Let's begin by working out a Mega. It begins innocently enough. By definition mega is "2 inscribed in a circle/pentagon". In Stepney's notation therefore we have:

mega = 2[5]

Next, by definition 2 in a pentagon is 2 inside 2 squares:
2[5] = 2[4][4]
            We have to first compute 2[4] before we can compute 2[4][4]. 2[4] itself expands to 2 inscribed in 2 triangles:
2[4][4] = 2[3][3][4]
            You might sense that things are getting a bit muddled at this point, or soon will be. The good news is that since the triangle is the lowest operator, we can now actually compute something using familiar notation. Again we must work from the innermost operator so that we must compute 2[3] before we can compute 2[3][3] before we can compute 2[3][3][4]. n[3] by definition however becomes n^n, so we just follow along with the rules:
2[3][3][4] = 2^2[3][4] = 2*2[3][4] =
4[3][4] = 4^4[4] = 4*4*4*4[4] = 16*4*4[4] = (10+6)*4*4[4] =
(40+24)*4[4] = 64*4[4] = (60+4)*4[4] = (240+16)[4] =
256[4] =

            That's 256 inscribed inside 256 triangles! Where the heck did that come from?! It is at this point that we reach a kind of calculation impasse, for we must first compute 256[3] before we can compute 256[3][3] before we can compute 256[3][3][3] ... and so on all the way to 256 inscribed triangles. And yet even just 256[3] is a nightmare to compute since:

256[3] = 256^256

            This is not an easy number to compute, and it turns out to be pretty large. It's so big in fact that it overflows my TI-89 calculator when set to "exact mode" (which allows me to compute complete decimal strings rather than floating point approximations). The exact value of 256^256 is:


            That's a 617-digit number. It can be approximated in scientific notation as 3.23x10^616, or approximated as E616.509431 in E-notation. This number is already too large for most of science. It's more than the number of all the particles in the observable universe ... raised to the 7th power! But this number is NOT the Mega. Far far from it, because we still have another 255 inscribed triangles to go. We would next have to compute:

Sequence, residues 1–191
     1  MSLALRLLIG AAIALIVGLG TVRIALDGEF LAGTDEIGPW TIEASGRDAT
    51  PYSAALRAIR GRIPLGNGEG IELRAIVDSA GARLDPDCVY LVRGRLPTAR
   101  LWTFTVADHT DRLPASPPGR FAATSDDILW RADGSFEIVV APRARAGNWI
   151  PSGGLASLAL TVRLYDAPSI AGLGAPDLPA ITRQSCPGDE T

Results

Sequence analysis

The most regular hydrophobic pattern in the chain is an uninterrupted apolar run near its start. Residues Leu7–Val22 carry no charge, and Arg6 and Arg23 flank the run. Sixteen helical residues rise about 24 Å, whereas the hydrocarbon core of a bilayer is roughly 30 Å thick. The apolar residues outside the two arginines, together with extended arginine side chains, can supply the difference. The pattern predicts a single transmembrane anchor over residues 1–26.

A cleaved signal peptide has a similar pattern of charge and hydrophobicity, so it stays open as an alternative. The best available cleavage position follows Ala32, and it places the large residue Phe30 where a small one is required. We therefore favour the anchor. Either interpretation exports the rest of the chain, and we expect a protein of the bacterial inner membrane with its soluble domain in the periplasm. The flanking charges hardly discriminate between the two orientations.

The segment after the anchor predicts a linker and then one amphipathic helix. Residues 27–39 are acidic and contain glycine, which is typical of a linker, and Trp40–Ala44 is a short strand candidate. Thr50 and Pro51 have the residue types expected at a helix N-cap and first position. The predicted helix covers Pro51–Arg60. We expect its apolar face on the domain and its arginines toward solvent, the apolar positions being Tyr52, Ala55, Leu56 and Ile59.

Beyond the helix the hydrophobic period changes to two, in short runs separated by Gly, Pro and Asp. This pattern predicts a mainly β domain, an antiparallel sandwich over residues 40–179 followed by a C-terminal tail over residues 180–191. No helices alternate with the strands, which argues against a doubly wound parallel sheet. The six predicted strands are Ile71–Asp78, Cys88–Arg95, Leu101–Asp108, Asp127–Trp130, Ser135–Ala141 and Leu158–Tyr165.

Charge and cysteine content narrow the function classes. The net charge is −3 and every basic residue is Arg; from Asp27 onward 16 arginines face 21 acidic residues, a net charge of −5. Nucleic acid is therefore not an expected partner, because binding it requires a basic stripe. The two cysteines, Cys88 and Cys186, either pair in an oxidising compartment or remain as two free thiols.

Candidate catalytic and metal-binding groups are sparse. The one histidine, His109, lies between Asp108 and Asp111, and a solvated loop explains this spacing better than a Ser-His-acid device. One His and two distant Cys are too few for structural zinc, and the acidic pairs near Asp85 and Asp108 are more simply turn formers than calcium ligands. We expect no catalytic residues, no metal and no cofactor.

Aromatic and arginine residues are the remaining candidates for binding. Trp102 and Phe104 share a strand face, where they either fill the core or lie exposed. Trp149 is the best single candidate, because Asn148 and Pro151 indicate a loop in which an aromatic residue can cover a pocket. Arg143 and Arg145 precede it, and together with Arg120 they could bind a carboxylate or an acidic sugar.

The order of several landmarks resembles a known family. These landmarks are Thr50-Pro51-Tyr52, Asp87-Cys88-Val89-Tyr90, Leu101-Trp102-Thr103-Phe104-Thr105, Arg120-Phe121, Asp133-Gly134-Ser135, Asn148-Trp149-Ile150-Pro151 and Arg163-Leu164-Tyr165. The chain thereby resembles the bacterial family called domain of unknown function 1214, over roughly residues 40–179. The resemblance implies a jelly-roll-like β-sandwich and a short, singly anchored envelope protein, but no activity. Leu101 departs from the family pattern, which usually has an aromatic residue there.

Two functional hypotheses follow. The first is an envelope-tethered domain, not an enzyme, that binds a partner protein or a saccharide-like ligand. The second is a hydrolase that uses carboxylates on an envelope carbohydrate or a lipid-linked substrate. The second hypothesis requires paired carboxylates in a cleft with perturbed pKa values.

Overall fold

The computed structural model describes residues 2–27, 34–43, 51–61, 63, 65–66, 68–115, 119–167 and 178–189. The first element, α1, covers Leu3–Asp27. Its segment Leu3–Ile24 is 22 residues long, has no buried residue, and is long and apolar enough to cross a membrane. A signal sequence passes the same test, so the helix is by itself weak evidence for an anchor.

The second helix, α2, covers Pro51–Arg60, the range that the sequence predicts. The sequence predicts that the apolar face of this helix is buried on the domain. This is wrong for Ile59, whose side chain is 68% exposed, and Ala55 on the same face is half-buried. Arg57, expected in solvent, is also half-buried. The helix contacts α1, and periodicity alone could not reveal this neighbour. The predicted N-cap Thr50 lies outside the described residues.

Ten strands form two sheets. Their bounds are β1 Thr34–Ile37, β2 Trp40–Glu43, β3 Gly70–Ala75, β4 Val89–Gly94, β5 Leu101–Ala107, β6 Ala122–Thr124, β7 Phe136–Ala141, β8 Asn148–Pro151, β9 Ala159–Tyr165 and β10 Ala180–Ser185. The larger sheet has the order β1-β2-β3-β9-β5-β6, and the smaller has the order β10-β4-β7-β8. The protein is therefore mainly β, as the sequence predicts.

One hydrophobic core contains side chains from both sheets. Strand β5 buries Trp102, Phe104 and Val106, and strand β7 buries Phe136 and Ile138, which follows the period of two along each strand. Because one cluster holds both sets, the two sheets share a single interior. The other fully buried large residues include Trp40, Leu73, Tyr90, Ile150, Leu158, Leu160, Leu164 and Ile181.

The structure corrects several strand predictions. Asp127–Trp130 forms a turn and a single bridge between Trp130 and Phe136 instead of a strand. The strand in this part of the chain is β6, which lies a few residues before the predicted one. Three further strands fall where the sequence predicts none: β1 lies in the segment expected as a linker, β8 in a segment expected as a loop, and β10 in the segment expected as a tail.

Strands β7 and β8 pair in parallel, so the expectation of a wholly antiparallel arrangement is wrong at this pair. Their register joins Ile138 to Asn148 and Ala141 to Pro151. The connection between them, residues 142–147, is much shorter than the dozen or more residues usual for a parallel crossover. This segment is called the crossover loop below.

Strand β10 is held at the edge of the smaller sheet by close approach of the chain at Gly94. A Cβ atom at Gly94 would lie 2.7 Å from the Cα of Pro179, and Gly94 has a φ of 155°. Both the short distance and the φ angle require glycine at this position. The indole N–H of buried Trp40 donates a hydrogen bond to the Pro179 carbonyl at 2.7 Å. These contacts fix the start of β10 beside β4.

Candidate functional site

32,317,006,071,311, ... ... ... ... 059,596,230,656[3] =

 32,317,006,071,311, ... ... ... ... 059,596,230,65632,317,006,071,311, ... ... ... ... 059,596,230,656

            This number is now too large for anyone to ever compute it's complete decimal expansion because it contains more than E616-digits! And we still have 254 inscribed triangles to go!!!

            It is at this point that the laymen is at a loss for words. It seems absolutely impossible to compute this number, and virtually impossible to even estimate! It seems to rapidly billow out of control, leaving the mind dumbfounded.

            The Mega is a very big number, already much much bigger than the ordinary person would usually bother to think about. In fact, it can be shown to be bigger than a grangol ( see 4.3.2)

            But if I can't even compute this number, how can I make any claims about it? How can I even say it's larger than a googolplex, even though it almost surely is. How could I possibly prove that it was greater than a grangol without being able to compute the Mega?

            The key is simple: estimation. Or rather a very special kind of estimation we can call "bounding". The trick is to come up with what's called a lower bound and upper bound for the Mega. The lower-bound is an estimate for Mega which can be rigorously shown to be less than a Mega. The upper-bound is an estimate for the Mega which can be rigorously shown to be greater than a Mega. The result is that we can sandwich the complex Mega between two simpler numeric expressions, and then use these to compare the Mega to other numbers.

            Not only will this strongly support my claims about the comparisons of these numbers but it will prove them beyond a shadow of a doubt!